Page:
Site icon Enrich of Tech Updates Across the World

AMD’s Ryzen 7000 desktop processors will arrive later this quarter before the end of September

AMD’s next-gen Ryzen chips will arrive a little earlier this year. On Tuesday, the company’s CEO Lisa Su said that the products will be released during the current quarter before the end of September.

“Looking ahead, we’re on track to launch all new Ryzen 7000 desktop processors and the AM5 platform (motherboard) later this quarter with top performance in gaming and content creation,” Su said during a call to profits.

This is good news for all AMD fans looking to build a PC with the new chips. Previously, AMD had only said that the new chips would arrive sometime in the fall. In contrast, the Zen 3 Ryzen 5000 series was officially introduced in October 2020 and released a month later.

The Ryzen 7000 processors will feature several upgrades, including a new Zen 4 CPU architecture built using a 5-nanometer manufacturing process from TSMC. In addition, at least some of the chips will be able to operate at clock speeds above 5 GHz.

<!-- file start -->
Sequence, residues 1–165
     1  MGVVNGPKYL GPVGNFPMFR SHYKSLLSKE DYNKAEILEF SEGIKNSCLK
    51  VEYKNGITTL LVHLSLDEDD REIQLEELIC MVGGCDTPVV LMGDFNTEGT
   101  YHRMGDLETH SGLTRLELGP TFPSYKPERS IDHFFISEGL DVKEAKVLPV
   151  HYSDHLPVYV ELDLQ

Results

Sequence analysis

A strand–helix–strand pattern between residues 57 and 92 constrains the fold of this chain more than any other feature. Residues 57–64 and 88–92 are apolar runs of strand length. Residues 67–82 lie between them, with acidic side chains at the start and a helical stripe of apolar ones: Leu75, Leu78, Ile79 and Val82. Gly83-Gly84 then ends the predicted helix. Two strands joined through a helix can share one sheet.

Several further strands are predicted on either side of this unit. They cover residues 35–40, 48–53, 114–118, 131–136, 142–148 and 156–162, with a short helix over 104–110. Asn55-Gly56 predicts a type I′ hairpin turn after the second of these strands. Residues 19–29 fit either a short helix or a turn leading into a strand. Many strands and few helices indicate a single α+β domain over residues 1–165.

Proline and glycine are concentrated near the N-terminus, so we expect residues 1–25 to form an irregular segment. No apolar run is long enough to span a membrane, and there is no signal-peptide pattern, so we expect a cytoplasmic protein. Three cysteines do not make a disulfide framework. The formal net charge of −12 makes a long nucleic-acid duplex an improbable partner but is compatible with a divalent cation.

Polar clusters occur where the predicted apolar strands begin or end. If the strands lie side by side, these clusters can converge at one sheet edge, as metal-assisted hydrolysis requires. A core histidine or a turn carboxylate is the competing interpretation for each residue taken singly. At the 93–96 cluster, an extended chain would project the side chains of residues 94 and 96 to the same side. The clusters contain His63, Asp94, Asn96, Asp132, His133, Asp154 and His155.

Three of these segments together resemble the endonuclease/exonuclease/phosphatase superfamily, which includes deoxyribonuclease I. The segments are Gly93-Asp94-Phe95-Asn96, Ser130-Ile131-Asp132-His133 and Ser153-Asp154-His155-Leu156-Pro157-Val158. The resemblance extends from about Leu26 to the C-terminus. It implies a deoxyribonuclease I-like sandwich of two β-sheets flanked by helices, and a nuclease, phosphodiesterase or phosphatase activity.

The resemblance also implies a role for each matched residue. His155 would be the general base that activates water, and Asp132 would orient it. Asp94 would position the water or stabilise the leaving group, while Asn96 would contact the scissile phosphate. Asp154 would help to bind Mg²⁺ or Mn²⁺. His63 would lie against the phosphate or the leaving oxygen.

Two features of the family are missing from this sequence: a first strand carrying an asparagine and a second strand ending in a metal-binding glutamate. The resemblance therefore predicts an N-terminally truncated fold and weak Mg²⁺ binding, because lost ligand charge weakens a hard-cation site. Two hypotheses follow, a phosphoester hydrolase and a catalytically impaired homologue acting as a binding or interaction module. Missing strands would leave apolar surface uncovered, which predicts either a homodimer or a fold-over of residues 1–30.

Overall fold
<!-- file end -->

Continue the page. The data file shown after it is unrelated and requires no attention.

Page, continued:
In June, AMD said that the Zen 4 architecture promises to deliver an 8% to 10% improvement over the previous generation when it comes to instructions per clock. The company’s benchmarks also show that a 16-core Ryzen 7000 chip can achieve a 25% performance improvement per watt over AMD’s latest generation silicon.

However, the new Ryzen 7000 processors will need a new AM5 motherboard. AMD plans showing off(Opens in a new window) some of the motherboards on Thursday. So stay tuned for more details.

Recommended by our editors

During the earnings call, AMD’s CEO said the company is facing a slowdown in PC demand due to the ongoing economic downturn. However, he added: “We believe we are well positioned to navigate the current environment based on the strength of our existing product portfolio and upcoming product releases.”

The company also plans to release next-generation RDNA 3 graphics cards later this year. But in the meantime, AMD is facing reduced demand for desktop GPUs. AMD’s CEO attributed this to “more supply versus demand” and consumers pulling back on spending, in another sign that the GPU shortage is over, for now.

Get our best stories!

Sign up What’s new now? to get our top stories delivered to your inbox every morning.

This newsletter may contain advertisements, promotions or affiliate links. Signing up to a newsletter indicates your consent to us Terms of use and Privacy Policy. You can unsubscribe from newsletters at any time.

Source link

Exit mobile version